Jamie Cudmore credits the old Victoria-based Pacific Pride development program for helping him play in four World Cups for Canada and pro in Europe for big-time clubs such as RFC Grenoble and Clermont Auvergne.
The 40-year-old Squamish product now returns as head coach of the revived program, which will be based in Langford.
The old Pacific Pride development program, which helped Canada reach the second tier of world rugby, is being rebooted with Cudmore’s appointment as bench helmsman announced Wednesday.
Relaunched as the Rugby Canada Performance Academy, the program’s Westhills Stadium-based main team will be named Pacific Pride in honour of the former team that played in the B.C. Premier League from 1996 to 2005.
The new Pacific Pride will begin play in the B.C. Premier League this season beginning in September.
The original Pacific Pride, essentially the Canadian U-23 team, contributed many of the players who played for Canada in the 1999, 2003, 2007 and 2011 World Cups.
The six-foot-five and nearly 260-pound Cudmore was chief among them — appearing in the 2003, 2007, 2011 and 2015 World Cups — with 43 caps in total as a rugged lock and flanker.
“I was a Pride player, and it gave me the experience to go off into the world of professional rugby, so I’m very excited to come home and help grow Canadian rugby after all it’s given me over the years,” he said.
“I look forward to getting to work with this young talent from across Canada, focusing on quality high-speed rugby, and building their skill sets to be ready for the next step in their careers.”
Since the demise of the old Pacific Pride program, Canada has seen its position steadily decline to the point where it became the 20th and final qualifier for the upcoming 2019 World Cup in Japan. Future World Cup qualifications, however, appear precarious as nations such as the U.S. and Uruguay have moved ahead in the Americas region. It is hoped the new Pacific Pride model will help stem the Canadian slide.
The reinstated program will be largely composed of uncapped players from across Canada who are projected to be one to three years away from playing at the senior international level. The program will run 10 months of the year at the Rugby Canada National Training Centre in Langford. It will be funded by Rugby Canada through its existing national team centralization budget.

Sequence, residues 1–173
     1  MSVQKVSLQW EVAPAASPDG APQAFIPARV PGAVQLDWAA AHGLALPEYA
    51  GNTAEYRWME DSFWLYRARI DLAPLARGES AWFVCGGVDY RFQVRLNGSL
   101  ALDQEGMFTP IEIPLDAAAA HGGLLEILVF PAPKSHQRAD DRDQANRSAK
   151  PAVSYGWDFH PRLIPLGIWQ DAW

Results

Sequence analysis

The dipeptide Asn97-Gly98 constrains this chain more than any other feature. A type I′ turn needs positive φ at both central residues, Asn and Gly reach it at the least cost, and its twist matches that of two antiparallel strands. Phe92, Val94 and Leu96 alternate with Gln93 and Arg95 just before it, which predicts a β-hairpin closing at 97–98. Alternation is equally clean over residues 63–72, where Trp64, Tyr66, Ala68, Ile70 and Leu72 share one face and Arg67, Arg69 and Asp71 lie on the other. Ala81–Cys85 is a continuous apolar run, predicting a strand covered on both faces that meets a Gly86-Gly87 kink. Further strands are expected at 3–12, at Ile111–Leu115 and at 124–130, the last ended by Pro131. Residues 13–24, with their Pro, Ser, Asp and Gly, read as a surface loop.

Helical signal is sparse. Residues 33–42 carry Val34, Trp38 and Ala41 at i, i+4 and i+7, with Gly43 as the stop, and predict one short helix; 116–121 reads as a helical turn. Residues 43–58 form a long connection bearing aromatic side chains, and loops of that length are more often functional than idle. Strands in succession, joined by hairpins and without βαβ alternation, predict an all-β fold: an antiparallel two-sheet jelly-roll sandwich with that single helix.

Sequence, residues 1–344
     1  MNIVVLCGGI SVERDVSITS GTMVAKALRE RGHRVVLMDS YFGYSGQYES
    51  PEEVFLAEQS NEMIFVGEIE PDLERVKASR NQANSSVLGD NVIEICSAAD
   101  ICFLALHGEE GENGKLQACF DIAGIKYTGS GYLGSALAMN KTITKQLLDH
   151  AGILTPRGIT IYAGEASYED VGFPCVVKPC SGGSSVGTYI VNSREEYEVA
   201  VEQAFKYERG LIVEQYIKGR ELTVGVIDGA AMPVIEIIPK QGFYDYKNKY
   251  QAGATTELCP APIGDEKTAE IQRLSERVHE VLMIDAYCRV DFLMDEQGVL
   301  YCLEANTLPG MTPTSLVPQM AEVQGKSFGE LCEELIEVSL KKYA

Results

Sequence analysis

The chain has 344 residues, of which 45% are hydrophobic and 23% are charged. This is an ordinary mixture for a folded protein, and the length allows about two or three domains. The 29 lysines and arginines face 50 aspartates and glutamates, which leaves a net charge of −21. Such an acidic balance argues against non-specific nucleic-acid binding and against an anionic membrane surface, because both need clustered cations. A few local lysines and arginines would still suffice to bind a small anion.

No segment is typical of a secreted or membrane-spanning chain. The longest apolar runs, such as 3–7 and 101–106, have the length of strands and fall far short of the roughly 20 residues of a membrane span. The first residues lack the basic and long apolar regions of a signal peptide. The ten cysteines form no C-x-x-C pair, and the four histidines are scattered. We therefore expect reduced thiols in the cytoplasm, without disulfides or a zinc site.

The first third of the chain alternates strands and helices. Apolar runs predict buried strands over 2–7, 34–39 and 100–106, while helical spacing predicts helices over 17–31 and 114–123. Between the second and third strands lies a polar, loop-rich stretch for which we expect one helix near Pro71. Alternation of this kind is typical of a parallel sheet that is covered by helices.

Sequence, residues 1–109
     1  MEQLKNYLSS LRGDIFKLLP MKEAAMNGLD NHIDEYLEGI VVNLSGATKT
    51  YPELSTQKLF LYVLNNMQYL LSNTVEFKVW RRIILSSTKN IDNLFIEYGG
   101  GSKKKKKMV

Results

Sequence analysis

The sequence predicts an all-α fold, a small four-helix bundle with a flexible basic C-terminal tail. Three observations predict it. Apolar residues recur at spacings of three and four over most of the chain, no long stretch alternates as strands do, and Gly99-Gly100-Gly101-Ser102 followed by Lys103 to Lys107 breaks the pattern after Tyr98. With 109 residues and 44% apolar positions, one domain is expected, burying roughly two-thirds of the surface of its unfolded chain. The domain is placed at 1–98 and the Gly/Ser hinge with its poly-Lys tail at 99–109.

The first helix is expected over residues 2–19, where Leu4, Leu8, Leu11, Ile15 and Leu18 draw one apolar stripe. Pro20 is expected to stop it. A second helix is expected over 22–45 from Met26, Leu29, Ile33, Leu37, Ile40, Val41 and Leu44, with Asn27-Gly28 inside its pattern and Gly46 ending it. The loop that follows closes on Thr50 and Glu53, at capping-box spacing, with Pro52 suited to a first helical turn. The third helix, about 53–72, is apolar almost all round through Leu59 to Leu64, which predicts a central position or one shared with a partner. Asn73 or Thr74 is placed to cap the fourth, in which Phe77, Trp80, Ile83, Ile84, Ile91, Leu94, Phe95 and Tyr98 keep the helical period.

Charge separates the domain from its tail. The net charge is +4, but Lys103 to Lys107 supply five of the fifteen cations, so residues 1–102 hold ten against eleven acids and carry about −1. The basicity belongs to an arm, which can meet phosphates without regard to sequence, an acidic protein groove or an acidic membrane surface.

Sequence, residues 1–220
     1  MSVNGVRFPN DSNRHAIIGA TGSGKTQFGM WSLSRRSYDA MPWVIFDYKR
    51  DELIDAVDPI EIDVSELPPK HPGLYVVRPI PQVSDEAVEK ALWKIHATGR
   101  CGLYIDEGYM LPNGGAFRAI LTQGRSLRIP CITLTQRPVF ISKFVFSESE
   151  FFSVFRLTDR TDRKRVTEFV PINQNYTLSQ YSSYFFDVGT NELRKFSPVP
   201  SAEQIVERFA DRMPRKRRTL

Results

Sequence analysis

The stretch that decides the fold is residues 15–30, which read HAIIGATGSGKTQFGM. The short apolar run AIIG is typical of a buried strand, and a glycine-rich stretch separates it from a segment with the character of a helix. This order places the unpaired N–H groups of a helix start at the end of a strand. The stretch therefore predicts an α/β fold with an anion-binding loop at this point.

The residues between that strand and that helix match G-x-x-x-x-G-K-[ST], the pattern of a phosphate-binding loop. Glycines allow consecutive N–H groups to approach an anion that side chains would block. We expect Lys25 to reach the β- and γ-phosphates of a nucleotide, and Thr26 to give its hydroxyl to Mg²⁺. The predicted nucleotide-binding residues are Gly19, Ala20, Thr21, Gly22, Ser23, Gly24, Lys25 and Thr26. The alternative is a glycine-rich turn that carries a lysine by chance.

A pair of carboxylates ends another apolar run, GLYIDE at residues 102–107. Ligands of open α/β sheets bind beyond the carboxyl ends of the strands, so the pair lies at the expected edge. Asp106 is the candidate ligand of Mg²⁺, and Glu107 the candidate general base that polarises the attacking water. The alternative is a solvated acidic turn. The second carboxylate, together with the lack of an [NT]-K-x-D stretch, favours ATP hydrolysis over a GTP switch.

The need for the return of Pacific Pride had become clearly evident.
“There has always been great talent in Canada . . . with more kids getting involved at the youth level,” said Cudmore.
“With dedicated coaching and strong systems in place, I am confident we can continue to grow our player pool, and see success for our national teams, while we help fulfill our individual players’ professional career goals.”
The Paciifc Pride roster will be announced in a few weeks.
Cudmore and wife Jennifer have a wine bar in Clermont, France, and have produced their own labels with names such as Sin Bin, Yellow Card, Red Card and Half Time. After his playing career, Cudmore also turned to the bench and management in rugby and has had experience with big-name French pro clubs, first as Clermont youth academy coach and most recently as director of rugby for Provence.
“I can’t think of a better example for young Canadian players than a Pride alumni, who went on to both represent his country on the international stage and play for some of largest teams in Europe, and who is known for epic battles against some of the most well-known players in the world,” said Dustin Hopkins, Rugby Canada’s managing director for rugby operations.